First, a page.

Do You Have a Minute for…

On the streets of DC, there is a proliferation of well-meaning people soliciting for good causes. It’s not just the holidays, they’re parked on sidewalks year-round. Clever, too, for they patrol in two-person teams and stake out opposite ends of the block. I have been known to walk in the street or pretend to talk on my iPhone to avoid them.

Do You Have a Minute is a post I wrote for FlackRabbit, a blog on PR. My argument: these street teams cheapen the reputation of the charities they represent.

Elements of Publicity Workshop

Last night, I attended the Elements of Publicity Workshop put on by Amanda Miller Littlejohn and Jacqueline Lara of Mopwater PR. These two charming and knowledgeable ladies covered a lot of ground in just a two-hour session:

  • How to develop your message
  • How to create a “news hook” for your story
  • How to pitch to local, national and social media.

What I liked about the workshop was that Amanda and Jacqueline have a lot of practical experience in real-world PR. Their talk was spiced with useful examples and anecdotes from their work. They didn’t just tell you how to pitch a story to a reporter, they shared what should be in the email subject line and the best time to make a follow-up phone call.

This is a good workshop for people who don’t want theory but want to know tactics – the practical steps they can take to get media coverage for their product or cause. Want to know what should be in a press kit? Should a backgrounder be in print or electronic format? Should you do a social media release? How do you deal with a TV producer? All of this was covered in the workshop.

Workshop attendees consisted of small business owners, entrepreneurs and managers of small nonprofits – exactly the type of people who will do PR themselves, lacking the budget to hire a firm. The workshop was a really good fit for their needs and Amanda and Jacqueline tailored the class toward them. It was a very interactive session, with lots of Q&A and idea-sharing.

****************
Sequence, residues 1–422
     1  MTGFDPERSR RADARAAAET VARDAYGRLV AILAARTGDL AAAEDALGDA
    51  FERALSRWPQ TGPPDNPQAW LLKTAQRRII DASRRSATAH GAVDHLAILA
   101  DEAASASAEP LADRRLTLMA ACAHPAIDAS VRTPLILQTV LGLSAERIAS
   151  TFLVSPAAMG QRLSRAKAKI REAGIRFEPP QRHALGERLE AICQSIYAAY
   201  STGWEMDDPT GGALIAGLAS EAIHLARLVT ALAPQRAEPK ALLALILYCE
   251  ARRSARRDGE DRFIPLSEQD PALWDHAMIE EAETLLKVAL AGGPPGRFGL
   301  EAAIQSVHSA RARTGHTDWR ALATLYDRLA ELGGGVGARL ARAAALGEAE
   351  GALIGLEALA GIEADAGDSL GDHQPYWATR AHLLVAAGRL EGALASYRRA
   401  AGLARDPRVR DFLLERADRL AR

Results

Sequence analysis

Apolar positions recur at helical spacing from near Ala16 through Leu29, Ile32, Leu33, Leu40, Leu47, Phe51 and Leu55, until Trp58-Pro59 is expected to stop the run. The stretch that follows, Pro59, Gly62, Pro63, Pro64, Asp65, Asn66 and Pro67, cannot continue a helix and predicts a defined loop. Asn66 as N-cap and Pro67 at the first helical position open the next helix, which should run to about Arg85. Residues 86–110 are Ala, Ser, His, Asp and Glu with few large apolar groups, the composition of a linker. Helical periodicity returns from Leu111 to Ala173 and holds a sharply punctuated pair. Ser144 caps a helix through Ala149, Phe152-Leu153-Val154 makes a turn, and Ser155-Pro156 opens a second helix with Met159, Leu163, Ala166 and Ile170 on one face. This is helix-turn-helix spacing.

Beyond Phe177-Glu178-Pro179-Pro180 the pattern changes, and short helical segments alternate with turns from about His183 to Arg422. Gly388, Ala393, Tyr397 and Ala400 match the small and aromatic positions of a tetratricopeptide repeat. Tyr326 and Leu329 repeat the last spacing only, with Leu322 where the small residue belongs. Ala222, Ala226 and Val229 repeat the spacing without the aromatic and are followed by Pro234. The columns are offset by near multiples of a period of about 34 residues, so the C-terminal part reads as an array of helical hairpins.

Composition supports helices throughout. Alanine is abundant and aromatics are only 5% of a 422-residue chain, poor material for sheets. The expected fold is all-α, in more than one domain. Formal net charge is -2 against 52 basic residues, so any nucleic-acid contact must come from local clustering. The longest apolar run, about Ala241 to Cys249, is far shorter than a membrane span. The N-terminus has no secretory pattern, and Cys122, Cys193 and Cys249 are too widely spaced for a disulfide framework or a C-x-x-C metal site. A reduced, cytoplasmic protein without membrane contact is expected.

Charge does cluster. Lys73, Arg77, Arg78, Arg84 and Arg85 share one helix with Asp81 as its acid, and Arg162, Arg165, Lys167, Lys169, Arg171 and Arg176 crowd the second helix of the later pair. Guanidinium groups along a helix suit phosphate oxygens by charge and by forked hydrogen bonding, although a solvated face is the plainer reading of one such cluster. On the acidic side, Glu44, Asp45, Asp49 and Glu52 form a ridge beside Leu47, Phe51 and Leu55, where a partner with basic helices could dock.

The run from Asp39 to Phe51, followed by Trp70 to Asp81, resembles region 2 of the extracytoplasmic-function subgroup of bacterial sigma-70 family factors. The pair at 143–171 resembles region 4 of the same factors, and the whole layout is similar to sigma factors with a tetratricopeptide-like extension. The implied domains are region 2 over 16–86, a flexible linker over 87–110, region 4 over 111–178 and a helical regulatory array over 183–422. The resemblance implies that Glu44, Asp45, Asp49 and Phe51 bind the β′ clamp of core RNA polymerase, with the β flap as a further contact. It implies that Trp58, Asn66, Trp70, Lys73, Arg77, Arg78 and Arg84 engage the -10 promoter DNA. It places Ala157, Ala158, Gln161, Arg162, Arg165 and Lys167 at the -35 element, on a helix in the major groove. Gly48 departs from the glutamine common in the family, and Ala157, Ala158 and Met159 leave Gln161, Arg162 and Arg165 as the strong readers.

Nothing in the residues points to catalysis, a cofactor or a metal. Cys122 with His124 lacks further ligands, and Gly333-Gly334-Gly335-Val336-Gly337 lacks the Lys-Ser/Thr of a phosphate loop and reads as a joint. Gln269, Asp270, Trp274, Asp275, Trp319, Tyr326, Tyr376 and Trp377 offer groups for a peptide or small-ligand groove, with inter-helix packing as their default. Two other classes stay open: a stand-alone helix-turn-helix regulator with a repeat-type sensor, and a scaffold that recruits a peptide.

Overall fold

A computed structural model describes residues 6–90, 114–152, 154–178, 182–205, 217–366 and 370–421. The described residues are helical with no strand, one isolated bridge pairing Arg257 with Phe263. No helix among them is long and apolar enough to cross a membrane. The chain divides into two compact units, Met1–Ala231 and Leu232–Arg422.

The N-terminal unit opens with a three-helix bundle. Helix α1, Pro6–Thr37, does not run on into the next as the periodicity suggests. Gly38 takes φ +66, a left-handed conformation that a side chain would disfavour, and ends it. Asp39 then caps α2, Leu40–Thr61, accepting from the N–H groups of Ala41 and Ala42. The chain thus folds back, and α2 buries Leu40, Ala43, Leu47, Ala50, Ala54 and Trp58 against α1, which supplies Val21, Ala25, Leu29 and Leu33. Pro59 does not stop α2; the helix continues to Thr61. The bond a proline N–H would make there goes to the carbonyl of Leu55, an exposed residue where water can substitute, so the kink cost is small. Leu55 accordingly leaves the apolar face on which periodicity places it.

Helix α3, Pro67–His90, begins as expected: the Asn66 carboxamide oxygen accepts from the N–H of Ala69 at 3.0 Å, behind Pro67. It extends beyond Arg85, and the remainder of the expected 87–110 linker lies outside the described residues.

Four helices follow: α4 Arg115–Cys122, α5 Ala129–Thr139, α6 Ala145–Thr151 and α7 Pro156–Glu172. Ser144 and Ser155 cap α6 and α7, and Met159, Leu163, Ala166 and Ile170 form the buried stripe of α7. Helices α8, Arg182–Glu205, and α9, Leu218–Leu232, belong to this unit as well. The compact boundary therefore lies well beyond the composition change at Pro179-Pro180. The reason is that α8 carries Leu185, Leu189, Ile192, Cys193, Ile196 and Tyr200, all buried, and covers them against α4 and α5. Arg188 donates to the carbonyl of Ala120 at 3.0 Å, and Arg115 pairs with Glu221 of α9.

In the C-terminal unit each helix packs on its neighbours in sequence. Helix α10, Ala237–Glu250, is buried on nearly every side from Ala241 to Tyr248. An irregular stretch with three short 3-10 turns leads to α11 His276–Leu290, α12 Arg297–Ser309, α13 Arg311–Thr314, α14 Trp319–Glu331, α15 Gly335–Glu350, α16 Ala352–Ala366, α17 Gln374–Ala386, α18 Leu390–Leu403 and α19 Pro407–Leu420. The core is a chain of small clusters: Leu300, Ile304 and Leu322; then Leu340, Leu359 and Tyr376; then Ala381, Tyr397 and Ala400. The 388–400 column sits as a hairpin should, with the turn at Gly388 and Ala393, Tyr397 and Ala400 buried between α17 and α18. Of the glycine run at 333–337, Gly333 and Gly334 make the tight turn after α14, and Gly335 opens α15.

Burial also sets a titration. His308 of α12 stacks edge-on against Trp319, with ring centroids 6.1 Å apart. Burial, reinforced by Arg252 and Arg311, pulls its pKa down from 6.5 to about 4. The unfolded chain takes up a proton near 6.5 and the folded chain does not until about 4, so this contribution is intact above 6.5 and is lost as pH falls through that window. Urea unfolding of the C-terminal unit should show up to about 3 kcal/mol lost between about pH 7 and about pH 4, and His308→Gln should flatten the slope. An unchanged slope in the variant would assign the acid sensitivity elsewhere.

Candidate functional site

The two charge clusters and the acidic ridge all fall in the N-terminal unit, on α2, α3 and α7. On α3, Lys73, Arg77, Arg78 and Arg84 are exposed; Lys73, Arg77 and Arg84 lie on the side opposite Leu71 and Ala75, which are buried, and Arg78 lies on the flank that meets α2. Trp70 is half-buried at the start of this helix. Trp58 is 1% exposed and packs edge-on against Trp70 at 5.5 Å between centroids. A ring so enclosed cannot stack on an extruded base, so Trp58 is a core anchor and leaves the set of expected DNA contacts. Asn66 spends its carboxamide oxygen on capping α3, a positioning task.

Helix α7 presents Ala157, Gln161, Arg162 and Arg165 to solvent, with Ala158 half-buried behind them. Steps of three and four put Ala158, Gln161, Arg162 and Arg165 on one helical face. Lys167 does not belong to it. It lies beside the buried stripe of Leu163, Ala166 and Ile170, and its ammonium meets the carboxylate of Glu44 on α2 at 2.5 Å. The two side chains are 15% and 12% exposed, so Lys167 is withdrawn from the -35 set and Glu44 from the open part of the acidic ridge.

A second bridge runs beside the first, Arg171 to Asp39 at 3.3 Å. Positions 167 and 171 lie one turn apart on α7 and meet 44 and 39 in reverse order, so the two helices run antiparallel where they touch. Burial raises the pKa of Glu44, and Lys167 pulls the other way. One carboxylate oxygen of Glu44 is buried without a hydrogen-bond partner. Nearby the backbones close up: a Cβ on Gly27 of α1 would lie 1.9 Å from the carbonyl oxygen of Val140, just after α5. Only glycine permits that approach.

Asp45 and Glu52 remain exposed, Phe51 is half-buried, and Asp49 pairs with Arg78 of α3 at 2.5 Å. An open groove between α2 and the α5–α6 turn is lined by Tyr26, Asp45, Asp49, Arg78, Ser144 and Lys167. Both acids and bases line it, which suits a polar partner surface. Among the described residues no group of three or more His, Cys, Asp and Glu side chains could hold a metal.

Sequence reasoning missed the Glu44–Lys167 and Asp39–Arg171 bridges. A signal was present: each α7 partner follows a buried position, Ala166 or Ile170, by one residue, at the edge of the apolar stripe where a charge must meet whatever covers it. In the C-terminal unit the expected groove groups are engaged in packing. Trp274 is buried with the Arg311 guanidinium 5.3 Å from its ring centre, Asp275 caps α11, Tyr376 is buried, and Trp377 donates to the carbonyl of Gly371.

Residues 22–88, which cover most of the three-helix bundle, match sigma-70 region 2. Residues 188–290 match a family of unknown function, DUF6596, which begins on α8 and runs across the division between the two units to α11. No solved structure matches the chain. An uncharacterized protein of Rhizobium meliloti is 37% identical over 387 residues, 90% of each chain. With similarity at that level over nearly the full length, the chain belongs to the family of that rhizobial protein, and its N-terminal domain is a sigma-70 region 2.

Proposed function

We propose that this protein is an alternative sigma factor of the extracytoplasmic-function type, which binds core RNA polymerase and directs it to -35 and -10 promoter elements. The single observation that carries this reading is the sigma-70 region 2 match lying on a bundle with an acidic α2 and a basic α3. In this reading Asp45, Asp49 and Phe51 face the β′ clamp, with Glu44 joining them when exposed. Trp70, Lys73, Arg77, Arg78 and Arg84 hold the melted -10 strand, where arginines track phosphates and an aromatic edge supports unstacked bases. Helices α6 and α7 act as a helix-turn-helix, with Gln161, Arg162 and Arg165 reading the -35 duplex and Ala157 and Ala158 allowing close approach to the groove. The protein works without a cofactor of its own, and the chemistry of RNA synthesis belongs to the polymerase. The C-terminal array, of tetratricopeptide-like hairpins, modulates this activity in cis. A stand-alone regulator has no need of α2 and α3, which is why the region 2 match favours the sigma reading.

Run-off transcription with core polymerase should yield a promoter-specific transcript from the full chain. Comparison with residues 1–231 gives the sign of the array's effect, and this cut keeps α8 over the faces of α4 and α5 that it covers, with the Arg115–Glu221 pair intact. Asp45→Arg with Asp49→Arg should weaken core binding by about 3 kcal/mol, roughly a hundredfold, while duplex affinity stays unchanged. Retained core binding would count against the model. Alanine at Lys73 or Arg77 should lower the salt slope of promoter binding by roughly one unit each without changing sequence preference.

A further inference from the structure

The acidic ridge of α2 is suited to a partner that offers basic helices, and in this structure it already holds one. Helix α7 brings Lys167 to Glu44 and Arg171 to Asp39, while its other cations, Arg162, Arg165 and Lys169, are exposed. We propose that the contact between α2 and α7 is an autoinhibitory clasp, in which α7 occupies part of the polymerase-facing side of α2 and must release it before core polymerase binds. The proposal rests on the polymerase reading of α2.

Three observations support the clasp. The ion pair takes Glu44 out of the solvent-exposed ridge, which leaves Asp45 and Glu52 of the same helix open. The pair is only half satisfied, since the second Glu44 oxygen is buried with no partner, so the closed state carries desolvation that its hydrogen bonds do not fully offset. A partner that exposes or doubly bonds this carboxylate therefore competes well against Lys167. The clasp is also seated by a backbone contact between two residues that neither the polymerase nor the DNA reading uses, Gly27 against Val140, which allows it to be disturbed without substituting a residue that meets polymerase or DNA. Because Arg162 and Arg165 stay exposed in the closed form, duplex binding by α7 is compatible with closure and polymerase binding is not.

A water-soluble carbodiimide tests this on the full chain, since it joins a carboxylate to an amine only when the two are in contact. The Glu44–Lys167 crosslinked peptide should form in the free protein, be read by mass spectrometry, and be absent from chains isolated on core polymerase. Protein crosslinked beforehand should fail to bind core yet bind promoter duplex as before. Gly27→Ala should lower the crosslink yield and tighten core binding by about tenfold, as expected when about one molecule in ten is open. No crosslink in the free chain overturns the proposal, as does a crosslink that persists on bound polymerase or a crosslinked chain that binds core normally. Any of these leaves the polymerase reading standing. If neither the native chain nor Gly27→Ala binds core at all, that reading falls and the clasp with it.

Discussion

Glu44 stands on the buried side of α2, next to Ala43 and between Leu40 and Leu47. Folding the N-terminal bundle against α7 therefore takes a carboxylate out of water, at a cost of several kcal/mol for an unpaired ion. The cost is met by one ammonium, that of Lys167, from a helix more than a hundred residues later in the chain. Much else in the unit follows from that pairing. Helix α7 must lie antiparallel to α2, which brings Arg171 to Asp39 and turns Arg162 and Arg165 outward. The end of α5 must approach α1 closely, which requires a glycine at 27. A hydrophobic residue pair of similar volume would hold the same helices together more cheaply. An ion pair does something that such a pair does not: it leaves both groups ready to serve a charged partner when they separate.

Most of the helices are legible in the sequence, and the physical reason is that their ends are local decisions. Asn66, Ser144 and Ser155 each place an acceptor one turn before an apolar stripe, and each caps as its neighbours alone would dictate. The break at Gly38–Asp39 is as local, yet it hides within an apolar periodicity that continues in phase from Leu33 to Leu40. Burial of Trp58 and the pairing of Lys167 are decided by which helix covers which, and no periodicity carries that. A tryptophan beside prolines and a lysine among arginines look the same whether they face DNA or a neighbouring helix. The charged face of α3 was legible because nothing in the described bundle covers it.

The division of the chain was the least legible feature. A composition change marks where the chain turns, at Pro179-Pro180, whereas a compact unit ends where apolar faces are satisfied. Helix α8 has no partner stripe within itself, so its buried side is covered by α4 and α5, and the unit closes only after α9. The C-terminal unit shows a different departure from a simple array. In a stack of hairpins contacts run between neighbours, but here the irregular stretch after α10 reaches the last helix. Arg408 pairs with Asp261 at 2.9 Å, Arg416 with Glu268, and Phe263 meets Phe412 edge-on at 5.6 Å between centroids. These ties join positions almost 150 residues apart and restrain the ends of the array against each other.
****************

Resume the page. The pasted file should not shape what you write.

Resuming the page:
As someone who’s promoting his own book (Murder in Ocean Hall), I left with a lot of useful ideas to pursue, including things I had never thought of before (people still listen to radio?).

Elements of Publicity is just one of a series of low-cost workshops that Mopwater PR is teaching on blogging, social media and publicity.

FlackRabbit

I wrote a little piece on making your blog look good on the iPhone for FlackRabbit, my friend Margie Newman’s blog. FlackRabbit is filled with useful thoughts on social media and PR. She’s a communications professional who really gets the web – there’s not many of them out there.

Technically, I’m not in PR. But I’ve worked long enough in web strategy and communications to have strong feelings on the subject.

Look for more articles on FlackRabbit in the coming months!

Go Hollywood! What’s the Logline for Your Site?

InternetDay.com, April 1, 2002

“In the dizzying world of moviemaking, we must not be distracted from one fundamental concept: the idea is king.”
–Jeffrey Katzenberg

I can hear the protests already. Creating a web site is not like creating a movie, we don’t need to go “high concept” or any of that other Hollywood marketing fluff. We will build the web site, its value will be obvious, and it will sell itself to the appropriate audience. End of story. FADE OUT.

Wrong.